CARDIN KICKS OFF CAMPAIGN: U.S. Sen. Ben Cardin kicked off his re-election campaign yesterday, promising several hundred supporters that he’d fight for better schools, more jobs, a cleaner environment and access to health care, John-John Williams and John Fritze, write for the Sun.

DCCC TARGETS BARTLETT: The Democratic Congressional Campaign Committee, the campaign arm of House Democrats, is targeting Republican U.S. Rep. Roscoe Bartlett in the first political advertisement of the 2012 race to hit the airwaves in the newly drawn 6th District, blogs the Sun’s John Fritze.

GARAGIOLA SPEED BUMP: The editorial board for the Frederick News-Post writes that state Sen. Rob Garagiola has already hit a speed bump in his race for the Democratic nomination for Barlett’s seat: In the session earlier this year, Garagiola was the key sponsor of legislation to raise the state’s gasoline tax by 10 cents per gallon.

O’MALLEY’S VICTORIES: Whatever else one might think of O’Malley’s outspoken year as chairman of the Democratic Governors Association, this much almost certainly will be true after tomorrow: The election losses of Democratic governors have stopped, John Wagner reports for the Post.

TAKE ON LIQUOR LOBBY: The editorial board of the Sun is urging Baltimore County Exec Kevin Kamenetz to push through reforms to the county’s arcane liquor licensing laws that tend to enrich a few and at the same time begin to break the hold that the liquor lobby has on state regulations.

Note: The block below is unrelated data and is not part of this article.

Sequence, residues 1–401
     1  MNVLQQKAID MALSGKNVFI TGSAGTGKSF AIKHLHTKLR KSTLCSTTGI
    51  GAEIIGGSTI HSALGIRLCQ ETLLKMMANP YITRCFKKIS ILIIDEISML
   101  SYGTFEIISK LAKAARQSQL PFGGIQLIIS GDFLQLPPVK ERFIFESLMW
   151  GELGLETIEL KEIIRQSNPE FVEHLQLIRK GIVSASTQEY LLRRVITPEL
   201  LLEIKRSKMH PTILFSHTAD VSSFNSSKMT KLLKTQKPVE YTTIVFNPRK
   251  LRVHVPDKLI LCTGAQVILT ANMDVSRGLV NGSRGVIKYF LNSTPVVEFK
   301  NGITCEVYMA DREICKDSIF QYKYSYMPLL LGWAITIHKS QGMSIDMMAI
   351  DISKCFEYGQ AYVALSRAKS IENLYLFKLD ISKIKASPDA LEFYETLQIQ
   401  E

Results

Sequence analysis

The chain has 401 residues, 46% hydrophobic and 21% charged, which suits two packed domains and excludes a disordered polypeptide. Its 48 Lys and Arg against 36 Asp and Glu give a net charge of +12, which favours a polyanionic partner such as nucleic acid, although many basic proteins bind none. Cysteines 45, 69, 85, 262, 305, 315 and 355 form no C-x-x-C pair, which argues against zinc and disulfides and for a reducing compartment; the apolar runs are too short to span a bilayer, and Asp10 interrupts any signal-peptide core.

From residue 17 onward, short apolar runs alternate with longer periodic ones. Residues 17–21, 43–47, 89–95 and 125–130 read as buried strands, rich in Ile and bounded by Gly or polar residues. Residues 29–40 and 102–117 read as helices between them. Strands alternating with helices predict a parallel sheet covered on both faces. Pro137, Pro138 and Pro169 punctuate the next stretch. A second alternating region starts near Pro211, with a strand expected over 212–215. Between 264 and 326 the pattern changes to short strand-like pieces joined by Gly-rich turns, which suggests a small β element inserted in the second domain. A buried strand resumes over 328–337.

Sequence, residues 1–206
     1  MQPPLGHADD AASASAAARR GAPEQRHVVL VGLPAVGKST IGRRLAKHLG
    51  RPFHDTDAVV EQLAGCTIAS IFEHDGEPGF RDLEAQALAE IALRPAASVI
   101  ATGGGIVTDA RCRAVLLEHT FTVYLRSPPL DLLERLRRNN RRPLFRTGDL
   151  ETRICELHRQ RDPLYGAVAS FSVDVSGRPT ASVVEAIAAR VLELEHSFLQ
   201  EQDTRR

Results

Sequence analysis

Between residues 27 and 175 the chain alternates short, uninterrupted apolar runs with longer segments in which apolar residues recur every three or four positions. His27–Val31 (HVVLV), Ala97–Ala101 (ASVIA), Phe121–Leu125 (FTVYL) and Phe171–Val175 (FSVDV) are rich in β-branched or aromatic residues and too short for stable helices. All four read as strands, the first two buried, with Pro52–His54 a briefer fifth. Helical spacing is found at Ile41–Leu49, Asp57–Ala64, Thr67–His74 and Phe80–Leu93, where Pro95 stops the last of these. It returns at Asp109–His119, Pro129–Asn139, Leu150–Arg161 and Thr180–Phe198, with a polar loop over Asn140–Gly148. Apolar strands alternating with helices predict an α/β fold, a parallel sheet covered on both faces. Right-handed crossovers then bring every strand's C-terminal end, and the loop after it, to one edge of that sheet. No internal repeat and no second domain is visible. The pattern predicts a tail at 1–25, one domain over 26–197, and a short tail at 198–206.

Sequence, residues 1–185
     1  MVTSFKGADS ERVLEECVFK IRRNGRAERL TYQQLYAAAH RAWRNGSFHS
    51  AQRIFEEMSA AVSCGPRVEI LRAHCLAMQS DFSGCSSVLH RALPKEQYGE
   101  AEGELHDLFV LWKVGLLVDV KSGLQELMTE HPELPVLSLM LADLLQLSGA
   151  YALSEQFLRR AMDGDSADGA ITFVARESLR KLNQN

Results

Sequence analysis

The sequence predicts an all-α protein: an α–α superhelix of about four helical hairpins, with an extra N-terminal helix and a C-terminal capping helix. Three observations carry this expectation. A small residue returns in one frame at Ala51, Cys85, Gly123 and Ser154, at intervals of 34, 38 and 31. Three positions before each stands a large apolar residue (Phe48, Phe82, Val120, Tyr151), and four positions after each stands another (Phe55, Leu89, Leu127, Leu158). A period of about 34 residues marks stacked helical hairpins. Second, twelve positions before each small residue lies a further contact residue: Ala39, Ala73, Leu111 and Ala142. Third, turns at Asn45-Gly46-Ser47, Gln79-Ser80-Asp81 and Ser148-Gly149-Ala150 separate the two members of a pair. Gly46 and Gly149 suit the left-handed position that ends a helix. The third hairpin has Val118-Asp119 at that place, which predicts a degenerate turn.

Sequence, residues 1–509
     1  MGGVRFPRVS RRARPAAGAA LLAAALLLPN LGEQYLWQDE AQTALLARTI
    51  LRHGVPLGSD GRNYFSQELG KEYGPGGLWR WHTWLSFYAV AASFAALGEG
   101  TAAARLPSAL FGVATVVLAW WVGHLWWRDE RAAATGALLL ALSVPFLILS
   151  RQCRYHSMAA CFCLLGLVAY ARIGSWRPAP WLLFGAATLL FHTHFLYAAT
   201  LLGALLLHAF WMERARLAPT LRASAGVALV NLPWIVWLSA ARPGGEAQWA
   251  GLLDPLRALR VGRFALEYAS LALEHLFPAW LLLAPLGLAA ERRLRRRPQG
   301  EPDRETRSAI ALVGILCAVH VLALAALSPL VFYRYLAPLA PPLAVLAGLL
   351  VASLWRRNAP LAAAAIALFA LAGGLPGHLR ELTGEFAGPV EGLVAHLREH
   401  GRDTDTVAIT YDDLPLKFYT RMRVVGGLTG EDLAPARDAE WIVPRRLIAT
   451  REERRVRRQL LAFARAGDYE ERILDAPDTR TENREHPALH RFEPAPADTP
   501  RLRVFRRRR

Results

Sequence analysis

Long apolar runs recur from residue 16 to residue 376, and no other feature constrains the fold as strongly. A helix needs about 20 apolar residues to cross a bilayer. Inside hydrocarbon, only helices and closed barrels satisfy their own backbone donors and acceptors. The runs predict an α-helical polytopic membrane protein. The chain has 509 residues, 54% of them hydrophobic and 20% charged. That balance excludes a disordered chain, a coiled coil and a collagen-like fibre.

CUTS PROTESTED: A foursome on the Square Corner in Frederick trying to drum up support for marriage equality on Saturday were quickly dwarfed by about 60 people protesting decisions by the Frederick County Commissioners to cut funding for various programs, Ed Waters Jr. reports for the Frederick News-Post.

Some protesters wore black as a sign of mourning for the cuts. Others carried posters that read, “Don’t dismantle Frederick County!” and implored officials to preserve the quality of life in Frederick County, writes Margarita Raycheva, of the Gazette.

3rd PARTIES PUSH FOR POLLS: Members of the Republican, Green and Libertarian parties are often divided by strong ideological differences in national politics. But in Baltimore, their candidates emphatically agree on at least one thing: They’re fed up with the Democratic dominance of city politics, write Julie Scharper and Nicole Fuller for the Sun.

FARM PRESERVATION IN CARROLL: In profiling one New Windsor farmer, Christian Alexandersen writes in the Carroll County Times about Carroll County programs that help preserve farmlands and growing the farming community.

Should the Carroll County Agricultural Land Preservation Program change how it purchases and conserves land or should it remain the same? Alexandersen writes that a 10-person task force has been created to answer that question. Meanwhile, farmland preservation experts question whether one of the best programs in the country needs to be changed.

FOUNTAIN OF HOPE: Anne Arundel County Councilman John Grasso is planning on building water fountains for stagnant county waterways, following experiments that he says prove to help reduce pollution and help turtles and fish, writes Nicole Fuller of the Sun.